Your DNA is like a blueprint that can be broken down into pieces called genes. These genes tell your body how to build important molecules like proteins.

Permanent changes in the DNA sequence of a gene are called mutations. These may affect the way your body reads the blueprint. Some mutations — like BRCA gene mutations — run in families and are associated with an increased risk for some cancers, like breast and ovarian cancer.

So, how do you know if you should get tested for the BRCA gene mutation? Here’s a breakdown of the risk factors and what it means to have this gene mutation.

Things don’t always go as planned inside your cells. Sometimes, cells grow too fast or DNA becomes damaged. Certain proteins — called tumor suppressor proteins — step in when these things happen and address the problem by slowing cell growth, repairing damaged DNA, and even directing some damaged cells to stop working altogether.

BRCA1 and BRCA2 are genes that code for tumor suppressor proteins. BRCA gene mutations may cause the body to build or fold these proteins incorrectly. This prevents them from doing their jobs.

Cancer can be caused by cells that grow out of control or damaged DNA. The cancers most associated with BRCA mutations are breast cancer and ovarian cancer.

BRCA mutations are uncommon, but they are inherited. The risk of having a BRCA mutation is linked to your family history.

You receive two copies of each of your genes — one from each biological parent. If one of your parents carried a BRCA mutation, you have a 50 percent chance of having that mutation yourself.

If you have a family member with a known BRCA mutation or if you meet the screening recommendations, you can take a genetic test to check for BRCA mutations. This test uses a small sample of blood or saliva and usually takes about one month to receive results.

According to a study in JAMA, about 72 percent of women with a BRCA1 mutation and 69 percent of women with a BRCA2 mutation will receive a breast cancer diagnosis by age 80. By comparison, about 12 percent of all women will develop breast cancer during their lifetimes.

This trend holds true for ovarian cancer, too. The same study reported that about 44 percent of women with a BRCA1 mutation and 17 percent of women with a BRCA2 mutation will receive an ovarian cancer diagnosis by age 80. This compares with 1.3 percent of all women who will develop ovarian cancer during their lifetimes.

BRCA mutations may also increase the risk of other types of cancer. These include cancer of the fallopian tube, pancreas, and peritoneum, as well as skin cancers. Men with BRCA mutations also have a higher risk of breast, pancreas, and prostate cancer.

It’s important to remember that having a BRCA mutation doesn’t mean that you’ll develop cancer of any kind. While people with BRCA mutations do have a higher risk for these cancers, many people with BRCA mutations will never develop cancer.

Since the BRCA mutation is inherited, your ancestry may play a role in your risk for having a BRCA mutation. People with Ashkenazi Jewish heritage are at an increased risk for BRCA mutations. Dutch, French Canadian, Icelandic, and Norwegian people may also be more likely to carry BRCA mutations.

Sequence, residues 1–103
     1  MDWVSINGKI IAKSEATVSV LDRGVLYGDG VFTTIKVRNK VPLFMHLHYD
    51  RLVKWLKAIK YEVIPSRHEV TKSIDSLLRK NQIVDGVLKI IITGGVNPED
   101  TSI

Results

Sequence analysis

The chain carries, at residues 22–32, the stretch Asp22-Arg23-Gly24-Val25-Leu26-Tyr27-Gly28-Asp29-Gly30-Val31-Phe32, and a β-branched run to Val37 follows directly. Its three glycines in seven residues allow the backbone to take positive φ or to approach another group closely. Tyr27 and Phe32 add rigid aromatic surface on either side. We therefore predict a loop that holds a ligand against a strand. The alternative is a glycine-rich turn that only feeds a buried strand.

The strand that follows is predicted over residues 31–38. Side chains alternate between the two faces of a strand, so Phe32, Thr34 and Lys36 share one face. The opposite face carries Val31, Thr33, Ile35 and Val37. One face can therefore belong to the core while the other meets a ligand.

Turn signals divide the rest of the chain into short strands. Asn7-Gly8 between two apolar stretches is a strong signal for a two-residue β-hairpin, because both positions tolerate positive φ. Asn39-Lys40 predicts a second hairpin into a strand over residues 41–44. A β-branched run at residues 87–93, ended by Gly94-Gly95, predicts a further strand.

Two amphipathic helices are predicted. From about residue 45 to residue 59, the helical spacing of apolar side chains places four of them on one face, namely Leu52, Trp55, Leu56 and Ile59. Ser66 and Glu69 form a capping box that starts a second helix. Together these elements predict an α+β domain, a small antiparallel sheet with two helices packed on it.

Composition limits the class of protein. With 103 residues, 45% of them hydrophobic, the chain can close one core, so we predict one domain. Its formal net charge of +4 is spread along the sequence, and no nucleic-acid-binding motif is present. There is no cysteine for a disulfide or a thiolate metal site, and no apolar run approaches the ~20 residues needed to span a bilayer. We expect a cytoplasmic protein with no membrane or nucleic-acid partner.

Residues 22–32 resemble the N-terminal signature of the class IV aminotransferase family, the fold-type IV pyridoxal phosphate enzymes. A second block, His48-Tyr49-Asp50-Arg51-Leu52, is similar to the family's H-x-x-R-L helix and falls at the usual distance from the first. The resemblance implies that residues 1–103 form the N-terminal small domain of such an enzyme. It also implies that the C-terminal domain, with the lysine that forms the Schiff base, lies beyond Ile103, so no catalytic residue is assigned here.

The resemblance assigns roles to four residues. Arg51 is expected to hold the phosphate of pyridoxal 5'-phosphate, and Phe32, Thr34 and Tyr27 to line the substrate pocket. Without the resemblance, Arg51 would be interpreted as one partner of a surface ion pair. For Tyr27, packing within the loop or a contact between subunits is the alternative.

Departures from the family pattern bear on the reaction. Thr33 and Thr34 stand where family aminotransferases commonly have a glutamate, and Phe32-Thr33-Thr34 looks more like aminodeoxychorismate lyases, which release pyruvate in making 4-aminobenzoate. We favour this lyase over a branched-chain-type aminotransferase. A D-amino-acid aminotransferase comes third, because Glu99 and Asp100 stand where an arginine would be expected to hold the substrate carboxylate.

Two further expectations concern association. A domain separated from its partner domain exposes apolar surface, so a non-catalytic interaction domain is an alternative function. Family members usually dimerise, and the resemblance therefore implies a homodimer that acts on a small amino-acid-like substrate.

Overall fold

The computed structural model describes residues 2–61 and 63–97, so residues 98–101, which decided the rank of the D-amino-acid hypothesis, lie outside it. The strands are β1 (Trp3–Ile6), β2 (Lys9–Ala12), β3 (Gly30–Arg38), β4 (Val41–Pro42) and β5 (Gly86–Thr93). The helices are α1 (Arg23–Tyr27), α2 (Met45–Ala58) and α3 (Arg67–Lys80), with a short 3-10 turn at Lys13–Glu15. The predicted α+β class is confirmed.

One 2009 study in the journal Cancer looked at the relationship between ethnicity and BRCA mutations in the United States. It reported that BRCA mutations, especially BRCA1 mutations, were more likely among self-reported women with African or Latin American ancestry. The question of which mutations are more common in these groups is an area of current study.

Ethnicity may also play a role in who receives genetic counseling and testing. A recent study in Cancer found that doctors may be less likely to discuss genetic counseling and testing with black women and Spanish-speaking Hispanic women at risk for carrying BRCA mutations.

This study and others like it can help doctors ensure that all people with risk factors for BRCA mutations have the same access to genetic services.

To assess your risk factors for BRCA mutations, your doctor may use a screening tool to gather information about your personal history and family history. Your doctor may ask questions like:

  • Have you or a close relative received a breast cancer diagnosis before age 50 or before menopause?
  • Have you or a close relative had cancer in both breasts?
  • Have you or a close relative had both breast and ovarian cancer?
  • Are you or a close relative a man who had breast cancer?
  • Do you have Ashkenazi Jewish heritage?
  • Do any of your relatives have a known BRCA mutation?

Your doctor may recommend that you talk to a genetic counselor to discuss the pros and cons of testing. A counselor can help you decide if genetic testing is right for you or your family. They can also help you understand test results and your options after testing.

For people who receive positive results from a genetic test for BRCA mutations, options include enhanced screening and risk-reducing procedures.

Enhanced screening usually means beginning breast exams and mammograms earlier and having them more frequently. In addition to breast exams, men with BRCA mutations may benefit from regular screening for prostate cancer.

Some people with BRCA mutations choose risk-reducing procedures like surgeries to remove the fallopian tubes, ovaries, or breasts to significantly lower the risk of developing cancer.

It’s important to know and understand your risk for the BRCA gene mutation. If you have any of the risk factors above, see your doctor about genetic testing and counseling. If you’ve already been diagnosed with ovarian cancer, you may also want to find out if you have either of the two BRCA gene mutations.

If you receive a positive test result, speak with your doctor about all of your preventive options.